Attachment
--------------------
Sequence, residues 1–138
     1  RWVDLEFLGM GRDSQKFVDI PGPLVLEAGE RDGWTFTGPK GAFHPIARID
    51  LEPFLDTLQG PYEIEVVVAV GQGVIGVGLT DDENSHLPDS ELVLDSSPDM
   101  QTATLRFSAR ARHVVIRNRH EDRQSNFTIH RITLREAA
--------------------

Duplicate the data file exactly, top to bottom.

Sequence, residues 1–138
     1  RWVDLEFLGM GRDSQKFVDI PGPLVLEAGE RDGWTFTGPK GAFHPIARID
    51  LEPFLDTLQG PYEIEVVVAV GQGVIGVGLT DDENSHLPDS ELVLDSSPDM
   101  QTATLRFSAR ARHVVIRNRH EDRQSNFTIH RITLREAA